You can also pinch to zoom inside messages, and in your inbox a simple swipe to the left or right archives messages, a very convenient way to clear up your mailbox.
5. New Clock app
4.2 also introduces a brand new Clock app. Finally, it brings native stopwatch and count-down timer, with a convenient number pad to quickly set the timer.
The alarm UI has been overhauled and vastly improved. Fonts are bigger, cleaner, easier to read. Setting multiple alarms is done in a straightforward transparent way. It is robust - you can set alarms repeating across days, hours, and with different ring tones.
Those who just can’t get enough sleep, can now snooze the alarm using the volume down button or with a simple swipe to the left. Hey, five minutes of extra sleep always count!
Android 4.2 Jelly Bean Review
18. All the new cards in Google Now
1. sheik (Posts: 249; Member since: 12 Sep 2012)
I love android. Hope Galaxy Note II get that very soon
11. Mxyzptlk (Posts: 4056; Member since: 21 Apr 2012)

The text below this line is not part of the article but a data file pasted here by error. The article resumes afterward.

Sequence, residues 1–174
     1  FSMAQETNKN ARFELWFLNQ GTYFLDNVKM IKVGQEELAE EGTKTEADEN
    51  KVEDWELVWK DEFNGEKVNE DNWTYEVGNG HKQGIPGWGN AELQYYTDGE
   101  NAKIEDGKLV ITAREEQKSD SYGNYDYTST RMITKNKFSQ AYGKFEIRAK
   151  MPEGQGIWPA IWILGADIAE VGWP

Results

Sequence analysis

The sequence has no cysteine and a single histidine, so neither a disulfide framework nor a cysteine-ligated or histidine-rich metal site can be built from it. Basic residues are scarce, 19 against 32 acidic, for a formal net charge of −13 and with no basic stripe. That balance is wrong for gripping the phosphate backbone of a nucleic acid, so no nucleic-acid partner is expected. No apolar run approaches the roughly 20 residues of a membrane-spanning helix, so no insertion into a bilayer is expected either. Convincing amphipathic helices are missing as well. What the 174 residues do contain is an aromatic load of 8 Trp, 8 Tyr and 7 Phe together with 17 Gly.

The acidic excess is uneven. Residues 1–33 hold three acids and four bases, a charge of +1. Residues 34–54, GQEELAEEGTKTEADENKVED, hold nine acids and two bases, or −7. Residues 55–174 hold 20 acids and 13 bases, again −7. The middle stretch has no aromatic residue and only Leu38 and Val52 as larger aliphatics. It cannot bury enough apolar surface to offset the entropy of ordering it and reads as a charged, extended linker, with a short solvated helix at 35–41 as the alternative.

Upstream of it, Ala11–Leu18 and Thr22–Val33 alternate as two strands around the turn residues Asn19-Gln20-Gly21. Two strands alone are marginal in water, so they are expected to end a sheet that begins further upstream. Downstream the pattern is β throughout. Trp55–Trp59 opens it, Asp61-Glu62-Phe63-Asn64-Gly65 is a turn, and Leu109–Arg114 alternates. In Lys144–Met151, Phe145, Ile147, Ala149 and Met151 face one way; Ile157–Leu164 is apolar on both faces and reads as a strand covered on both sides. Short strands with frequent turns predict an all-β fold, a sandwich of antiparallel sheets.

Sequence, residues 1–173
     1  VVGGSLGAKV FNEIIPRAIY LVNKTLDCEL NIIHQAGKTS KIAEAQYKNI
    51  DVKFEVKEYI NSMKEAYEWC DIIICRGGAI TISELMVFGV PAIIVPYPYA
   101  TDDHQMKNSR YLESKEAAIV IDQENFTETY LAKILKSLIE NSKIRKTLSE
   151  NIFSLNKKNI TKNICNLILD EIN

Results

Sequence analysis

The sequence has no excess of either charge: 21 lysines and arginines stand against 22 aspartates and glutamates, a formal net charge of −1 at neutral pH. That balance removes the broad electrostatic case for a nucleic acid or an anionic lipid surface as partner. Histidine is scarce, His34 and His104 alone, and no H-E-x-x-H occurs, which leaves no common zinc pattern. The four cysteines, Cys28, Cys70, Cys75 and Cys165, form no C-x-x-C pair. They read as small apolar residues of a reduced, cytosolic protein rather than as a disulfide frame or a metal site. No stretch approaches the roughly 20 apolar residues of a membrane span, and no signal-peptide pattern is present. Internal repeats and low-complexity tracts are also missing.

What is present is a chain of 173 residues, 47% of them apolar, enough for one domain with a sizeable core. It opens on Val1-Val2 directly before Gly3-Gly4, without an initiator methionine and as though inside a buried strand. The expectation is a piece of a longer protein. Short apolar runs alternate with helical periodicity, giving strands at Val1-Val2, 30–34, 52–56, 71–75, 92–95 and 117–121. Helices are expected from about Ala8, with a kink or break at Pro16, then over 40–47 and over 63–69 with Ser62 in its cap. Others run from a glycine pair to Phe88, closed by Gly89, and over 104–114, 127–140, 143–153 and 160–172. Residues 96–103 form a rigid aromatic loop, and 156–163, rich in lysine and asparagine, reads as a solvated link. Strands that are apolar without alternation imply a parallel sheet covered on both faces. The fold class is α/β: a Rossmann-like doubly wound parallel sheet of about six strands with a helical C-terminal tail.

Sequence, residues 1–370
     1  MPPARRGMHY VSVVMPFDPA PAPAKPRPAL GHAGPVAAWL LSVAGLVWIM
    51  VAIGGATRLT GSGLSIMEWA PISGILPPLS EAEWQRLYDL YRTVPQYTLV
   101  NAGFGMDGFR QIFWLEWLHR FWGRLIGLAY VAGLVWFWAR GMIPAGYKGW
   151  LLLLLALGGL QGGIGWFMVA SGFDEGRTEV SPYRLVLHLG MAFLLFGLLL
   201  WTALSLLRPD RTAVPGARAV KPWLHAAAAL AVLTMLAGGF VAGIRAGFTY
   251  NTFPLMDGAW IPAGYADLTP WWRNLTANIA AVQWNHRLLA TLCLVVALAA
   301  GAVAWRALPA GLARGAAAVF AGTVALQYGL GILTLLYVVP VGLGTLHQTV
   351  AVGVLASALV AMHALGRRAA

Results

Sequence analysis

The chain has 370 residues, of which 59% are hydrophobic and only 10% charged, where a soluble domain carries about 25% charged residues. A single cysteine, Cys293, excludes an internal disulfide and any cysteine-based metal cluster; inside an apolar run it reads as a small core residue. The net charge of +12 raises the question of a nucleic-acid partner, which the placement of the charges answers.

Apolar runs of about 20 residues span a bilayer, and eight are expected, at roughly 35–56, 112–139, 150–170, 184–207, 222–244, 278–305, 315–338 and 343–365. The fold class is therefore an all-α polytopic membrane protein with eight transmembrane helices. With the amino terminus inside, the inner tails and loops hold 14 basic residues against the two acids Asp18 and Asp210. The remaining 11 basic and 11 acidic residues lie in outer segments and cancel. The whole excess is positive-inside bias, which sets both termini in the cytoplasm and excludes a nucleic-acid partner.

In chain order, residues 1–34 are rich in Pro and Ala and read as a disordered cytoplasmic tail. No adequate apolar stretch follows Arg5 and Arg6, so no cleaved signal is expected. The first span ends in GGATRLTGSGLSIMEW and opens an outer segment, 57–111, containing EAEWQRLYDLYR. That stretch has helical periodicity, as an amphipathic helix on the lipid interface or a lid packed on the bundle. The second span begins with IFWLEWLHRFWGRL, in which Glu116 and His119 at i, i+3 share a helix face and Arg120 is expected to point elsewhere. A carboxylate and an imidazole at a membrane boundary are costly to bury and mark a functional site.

Very soon equates to about three to six months.
17. MobileCaseReview (Posts: 241; Member since: 10 Feb 2012)
Probably near the end of the December with some fancing porting from alot of the devs. Plenty of roms are currently being worked on.
21. adelta90 (Posts: 63; Member since: 14 Sep 2012)
people who choose android very often dont wait for the manufacturer to release it, we just use AOSP till the manufacturer chooses to release the latest version
22. Mxyzptlk (Posts: 4056; Member since: 21 Apr 2012)
I see a few commenters had to wait three to six months for the latest update.
27. tedkord (Posts: 5129; Member since: 17 Jun 2009)
"Google is doing tremendous work on its operating system and keeps pushing the pedal with quick updates, and it seems that it has taken a confident lead in terms of features over iOS and Windows Phone."